As we saw in the Disney movie, changes in a film are likely to be made to incorporate the Red Men earlier on and to help the narrative build in a more consistent way, rather than strictly adhering to the somewhat clunky gear-shifting in the book.

    “Audiences love huge special effects sequences, but they may be starting to get sick of oceans of CG with no personality. So there ought to be a rule: for every minute of greenscreen mo-cap CG stuff, there has to be at least a minute where someone is actually having thoughts and feelings. (These can be the same minute.) There’s a reason why Andy Serkis is becoming such an MVP of mo-cap — he brings acting and character development into the process.”

    The story should have heart and should read dramatically on the page. If the script is full of strong characters and compelling story, the visuals will serve as a wonderful backdrop. The opposite approach of going for visuals first, and stringing the visuals together using as little character and story as necessary, is a guaranteed way to stumble into the pitfall of empty CGI.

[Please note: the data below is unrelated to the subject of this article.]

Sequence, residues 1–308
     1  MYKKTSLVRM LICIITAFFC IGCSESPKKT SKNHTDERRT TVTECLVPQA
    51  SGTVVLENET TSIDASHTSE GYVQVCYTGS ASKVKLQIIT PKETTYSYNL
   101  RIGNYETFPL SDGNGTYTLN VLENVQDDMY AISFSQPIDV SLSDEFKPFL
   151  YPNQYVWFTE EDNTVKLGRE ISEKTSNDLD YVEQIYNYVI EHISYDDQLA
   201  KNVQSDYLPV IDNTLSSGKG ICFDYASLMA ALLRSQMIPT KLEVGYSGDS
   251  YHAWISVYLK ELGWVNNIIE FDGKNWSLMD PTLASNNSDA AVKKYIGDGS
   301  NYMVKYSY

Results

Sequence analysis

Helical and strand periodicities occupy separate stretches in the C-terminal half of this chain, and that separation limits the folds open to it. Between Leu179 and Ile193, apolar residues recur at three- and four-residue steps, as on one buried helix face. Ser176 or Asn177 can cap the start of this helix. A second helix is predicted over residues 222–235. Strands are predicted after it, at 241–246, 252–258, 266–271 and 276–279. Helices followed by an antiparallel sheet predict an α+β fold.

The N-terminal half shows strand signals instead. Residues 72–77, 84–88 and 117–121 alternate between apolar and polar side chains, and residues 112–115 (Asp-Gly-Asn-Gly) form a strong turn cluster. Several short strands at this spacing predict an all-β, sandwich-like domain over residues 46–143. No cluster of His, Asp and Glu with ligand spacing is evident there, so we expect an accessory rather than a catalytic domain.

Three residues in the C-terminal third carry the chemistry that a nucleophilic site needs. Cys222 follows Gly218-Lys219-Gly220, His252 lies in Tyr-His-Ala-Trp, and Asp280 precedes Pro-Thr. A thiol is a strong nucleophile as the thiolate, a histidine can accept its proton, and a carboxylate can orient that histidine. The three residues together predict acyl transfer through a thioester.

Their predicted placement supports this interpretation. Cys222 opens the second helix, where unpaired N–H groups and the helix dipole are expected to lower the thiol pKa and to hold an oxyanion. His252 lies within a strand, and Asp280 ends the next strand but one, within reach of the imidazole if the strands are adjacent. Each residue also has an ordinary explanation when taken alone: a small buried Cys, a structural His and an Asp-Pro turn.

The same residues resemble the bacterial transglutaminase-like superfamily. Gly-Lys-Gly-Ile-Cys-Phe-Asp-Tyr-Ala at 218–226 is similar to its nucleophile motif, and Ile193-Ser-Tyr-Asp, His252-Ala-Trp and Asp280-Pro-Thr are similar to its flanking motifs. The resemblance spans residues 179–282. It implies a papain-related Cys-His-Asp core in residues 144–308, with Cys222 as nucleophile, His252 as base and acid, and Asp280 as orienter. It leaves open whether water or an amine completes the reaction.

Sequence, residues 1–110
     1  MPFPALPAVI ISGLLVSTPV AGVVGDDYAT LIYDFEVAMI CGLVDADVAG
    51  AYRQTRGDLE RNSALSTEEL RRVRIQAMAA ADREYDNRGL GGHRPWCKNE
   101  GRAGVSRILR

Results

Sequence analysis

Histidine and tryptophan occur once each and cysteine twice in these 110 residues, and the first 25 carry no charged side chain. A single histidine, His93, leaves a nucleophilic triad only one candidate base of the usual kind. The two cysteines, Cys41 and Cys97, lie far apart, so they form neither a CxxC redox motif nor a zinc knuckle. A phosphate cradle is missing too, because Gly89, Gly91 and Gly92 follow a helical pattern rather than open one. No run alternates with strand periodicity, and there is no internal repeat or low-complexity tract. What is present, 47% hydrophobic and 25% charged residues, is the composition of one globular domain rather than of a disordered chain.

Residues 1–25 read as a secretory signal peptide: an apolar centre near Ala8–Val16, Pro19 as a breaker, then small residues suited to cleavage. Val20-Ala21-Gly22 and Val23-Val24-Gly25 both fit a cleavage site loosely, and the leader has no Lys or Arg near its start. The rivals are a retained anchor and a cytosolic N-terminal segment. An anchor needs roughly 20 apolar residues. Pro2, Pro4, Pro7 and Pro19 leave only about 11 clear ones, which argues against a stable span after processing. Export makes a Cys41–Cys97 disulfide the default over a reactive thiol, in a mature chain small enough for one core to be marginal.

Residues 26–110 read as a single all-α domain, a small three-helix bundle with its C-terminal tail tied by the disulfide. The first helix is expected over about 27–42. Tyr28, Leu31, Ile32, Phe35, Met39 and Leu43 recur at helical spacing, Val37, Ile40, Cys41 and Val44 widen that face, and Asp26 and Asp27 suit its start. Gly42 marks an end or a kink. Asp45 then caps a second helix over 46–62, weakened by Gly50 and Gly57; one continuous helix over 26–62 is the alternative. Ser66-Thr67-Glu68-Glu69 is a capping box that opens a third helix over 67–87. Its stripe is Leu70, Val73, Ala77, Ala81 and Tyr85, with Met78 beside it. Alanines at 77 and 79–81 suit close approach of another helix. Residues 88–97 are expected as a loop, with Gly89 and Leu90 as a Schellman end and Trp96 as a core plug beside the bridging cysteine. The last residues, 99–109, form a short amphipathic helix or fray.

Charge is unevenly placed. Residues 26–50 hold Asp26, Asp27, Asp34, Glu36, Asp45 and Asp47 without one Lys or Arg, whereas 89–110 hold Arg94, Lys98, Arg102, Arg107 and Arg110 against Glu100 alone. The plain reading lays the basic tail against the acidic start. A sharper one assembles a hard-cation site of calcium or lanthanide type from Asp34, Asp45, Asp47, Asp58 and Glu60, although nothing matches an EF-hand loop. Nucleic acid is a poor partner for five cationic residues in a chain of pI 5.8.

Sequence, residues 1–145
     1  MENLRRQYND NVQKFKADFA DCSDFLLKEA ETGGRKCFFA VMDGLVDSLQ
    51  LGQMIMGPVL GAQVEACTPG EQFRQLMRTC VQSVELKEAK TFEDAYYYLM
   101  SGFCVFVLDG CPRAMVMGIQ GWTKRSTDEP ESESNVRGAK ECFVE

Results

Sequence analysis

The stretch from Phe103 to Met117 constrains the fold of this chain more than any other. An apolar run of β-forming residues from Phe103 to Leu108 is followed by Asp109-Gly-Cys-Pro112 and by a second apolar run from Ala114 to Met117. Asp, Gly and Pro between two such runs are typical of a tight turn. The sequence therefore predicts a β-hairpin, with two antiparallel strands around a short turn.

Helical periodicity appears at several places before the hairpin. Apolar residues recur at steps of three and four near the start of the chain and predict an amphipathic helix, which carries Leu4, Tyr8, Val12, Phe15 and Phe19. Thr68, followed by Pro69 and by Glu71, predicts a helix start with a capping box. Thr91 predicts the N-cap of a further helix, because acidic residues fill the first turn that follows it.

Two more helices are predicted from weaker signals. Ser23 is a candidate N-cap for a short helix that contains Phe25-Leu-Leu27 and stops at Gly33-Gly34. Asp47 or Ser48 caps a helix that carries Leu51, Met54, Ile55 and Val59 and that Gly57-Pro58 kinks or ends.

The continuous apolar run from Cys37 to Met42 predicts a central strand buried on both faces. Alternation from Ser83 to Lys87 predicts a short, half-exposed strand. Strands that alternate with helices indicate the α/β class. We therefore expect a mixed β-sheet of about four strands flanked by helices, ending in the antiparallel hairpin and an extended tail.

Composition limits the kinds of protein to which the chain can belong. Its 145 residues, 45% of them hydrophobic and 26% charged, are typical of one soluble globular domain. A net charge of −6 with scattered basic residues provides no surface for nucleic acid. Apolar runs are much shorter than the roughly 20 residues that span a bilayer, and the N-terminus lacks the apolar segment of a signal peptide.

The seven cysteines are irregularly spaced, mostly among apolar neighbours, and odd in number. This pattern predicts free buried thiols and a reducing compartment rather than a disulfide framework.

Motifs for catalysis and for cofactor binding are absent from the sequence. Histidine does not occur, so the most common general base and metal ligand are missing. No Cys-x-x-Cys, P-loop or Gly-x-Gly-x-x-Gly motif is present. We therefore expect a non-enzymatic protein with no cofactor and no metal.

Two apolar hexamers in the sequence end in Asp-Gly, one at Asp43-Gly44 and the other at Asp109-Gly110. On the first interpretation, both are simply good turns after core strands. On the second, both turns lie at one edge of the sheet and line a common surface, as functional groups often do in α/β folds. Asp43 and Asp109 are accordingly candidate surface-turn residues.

“A large group of enthusiastic fans probably cannot make or break a movie — see Serenity for a perfect example — but fans can create buzz and word of mouth that percolates into wider audiences. But fans can also create bad buzz, that spreads equally well. And fan apathy can translate into more widespread shrugging, especially among the mainstream press, who keep one ear to the fan community. But pandering to the fans can often backfire, especially if they know they’re being pandered to. My sense is that fans will generate more buzz for something they think their non-fan friends and family members will also like, rather than something they see as aimed only at themselves. So job #1 is to convince the fans that a movie will be good, rather than just true to the original in some way.”

    Tons of great insight in that paragraph. The plain title “John Carter” presumed some degree of recognition from a fan base, but the marketing overall didn’t make any specific effort to market to the fans. Virtually nothing was mentioned of ERB and Tarzan, the centennial, or the sci-fi/fantasy/adventure heritage. I suspect that Disney decided not to pursue those selling points because they would be perceived as marketing to the fans, rather than marketing to the much larger uninitiated audiences. Ironically, those very selling points would have helped give the uninitiated many more reasons to believe that they would BECOME fans.